But this is well calculated by the screenplay because Riddick virtually goes off screen for act two, when space ships arrive on the planet to bring him back, dead or alive. One team is a group of bounty hunters led by Jordi Molla, a really unpleasant type, with equally unpleasant henchmen, and a relentless determination to get Riddick and put his head in a box cage. The other group a more organized, led Boss Johns (Australian Matt Nable) who believes that Riddick has murdered his young son and is out to find the truth and some justice or vengeance.

The group spent a lot of time bickering amongst each other, many flashpoints with the only female in the team, presented as butch as the men. Riddick is able to pin the group down, tantalising them by infiltrating their centre and then disappearing. Which makes them all the more determined.

But, by the third act, Riddick is back with the two teams, even trapped by them. But also returning are some of the creatures. They loudly attack the headquarters, terrifying everyone and killing of some of the unwary. It all builds up to a desperate cycle ride through the desert, pursued by the creatures, Riddick disempowered and almost destroyed… But…

The alien planet is a desert and mountain place, little vegetation, and with a yellow streaked sky. There is a thumping score. There are lots of action bouts and confrontations - lots and lots. There are the computer-generated creatures to contribute to the eerie atmosphere. And there is always Riddick, Vin Diesel older, bigger, more muscles, more capacity for endurance, laconic, but with a redeeming characteristic that he has tamed one of the ferocious dogs who has become fiercely loyal to him.

David Twohey as written the screenplay. He has written some interesting screenplays like Perfect Getaway and Secret Window. But with this one, he has some less than literary dialogue, peppered with four-letter ‘what the…’, ‘shut the…’, which seem like those word-bubbles in panels of comic strips.

And, at the end, Riddick is in a spacecraft flying off into a possible sequel.


US, 2013, 96 minutes, Colour.
Jeff Bridges, Ryan Reynolds, Mary Louise Parker, Kevin Bacon.
Directed by Robert Schwenke.

What film would have its leading man shot to death within the first ten minutes? Well, RIPD. But this is not to spoil a plot, because right from the beginning we learn that the hero is dead. Then we get an instant flashback to the situation where he dies. While the film is about action on earth, the plot also takes us into a very bureaucratic version of the afterlife, at least in the police department, RIPD, the Rest in Peace Department.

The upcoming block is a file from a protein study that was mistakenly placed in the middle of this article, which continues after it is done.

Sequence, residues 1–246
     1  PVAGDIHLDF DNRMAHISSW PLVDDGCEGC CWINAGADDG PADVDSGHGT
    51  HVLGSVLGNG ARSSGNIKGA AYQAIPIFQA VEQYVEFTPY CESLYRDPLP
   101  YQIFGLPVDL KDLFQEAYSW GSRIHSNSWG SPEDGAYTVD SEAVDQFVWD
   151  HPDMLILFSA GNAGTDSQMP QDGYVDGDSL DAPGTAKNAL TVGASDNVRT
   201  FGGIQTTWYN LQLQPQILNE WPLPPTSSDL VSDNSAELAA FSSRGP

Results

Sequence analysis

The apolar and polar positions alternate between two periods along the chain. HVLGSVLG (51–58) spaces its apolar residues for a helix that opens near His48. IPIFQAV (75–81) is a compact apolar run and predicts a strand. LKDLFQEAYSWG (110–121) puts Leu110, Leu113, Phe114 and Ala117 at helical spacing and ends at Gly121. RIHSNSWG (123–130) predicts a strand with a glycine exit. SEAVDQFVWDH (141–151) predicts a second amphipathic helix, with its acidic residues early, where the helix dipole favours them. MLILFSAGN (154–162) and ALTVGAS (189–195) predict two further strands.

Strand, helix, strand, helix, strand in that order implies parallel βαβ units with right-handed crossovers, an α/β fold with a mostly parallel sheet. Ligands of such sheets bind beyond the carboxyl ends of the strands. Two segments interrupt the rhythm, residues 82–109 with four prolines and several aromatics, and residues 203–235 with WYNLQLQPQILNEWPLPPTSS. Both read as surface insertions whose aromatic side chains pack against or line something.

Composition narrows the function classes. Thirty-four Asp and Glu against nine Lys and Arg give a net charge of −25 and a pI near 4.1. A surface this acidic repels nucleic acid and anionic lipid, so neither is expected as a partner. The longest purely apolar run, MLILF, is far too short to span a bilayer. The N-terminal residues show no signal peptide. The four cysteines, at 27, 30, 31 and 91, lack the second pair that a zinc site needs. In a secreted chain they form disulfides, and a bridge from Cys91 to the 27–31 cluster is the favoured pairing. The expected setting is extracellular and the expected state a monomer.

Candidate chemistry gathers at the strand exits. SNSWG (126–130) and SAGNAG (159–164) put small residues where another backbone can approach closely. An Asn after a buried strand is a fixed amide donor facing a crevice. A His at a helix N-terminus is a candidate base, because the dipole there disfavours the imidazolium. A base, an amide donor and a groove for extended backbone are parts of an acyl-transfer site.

Nick Walker (Ryan Reynolds) dies and time stands still, action is frozen. He finds himself in a tornado-like whirlwind and sucked up into the skies and suddenly sitting at a desk opposite Miss Proctor who is the administrator for the RIPD. She does a quick explanation, which is helpful for the audience, and informs us all that the squad is to go back to earth and bring ‘deados’ - evil types who have died but have remained hidden on earth - back to the office or eliminate them. So far, so odd.

While Nick is ordered to go back to earth, he is also given a partner. This turns out to be Jeff Bridges, looking like Buffalo Bill or Wild Bill Hickock or some other characters from the 19th century west, which is, in fact, when he came from when he arrived at the RIPD. Bridges must have enjoyed his role as Rooster Cogburn in the remake of True Grit and he does quite a similar role here, boisterous, loud and strident at times, with a touch of humor.

By this stage, or earlier, most movie fans will be thinking that this is Men in Black RIPD-off. This time the men are not in black. In fact, on earth they have different appearances so that they are unable to communicate with their loved ones. Nick looks like an old Chinese gentleman. Roy is a more than glamorous young woman. The audience principally sees the two agents as they are, with some humorous moments when we see how the characters are perceiving them in their disguise, with appropriate and inappropriate responses.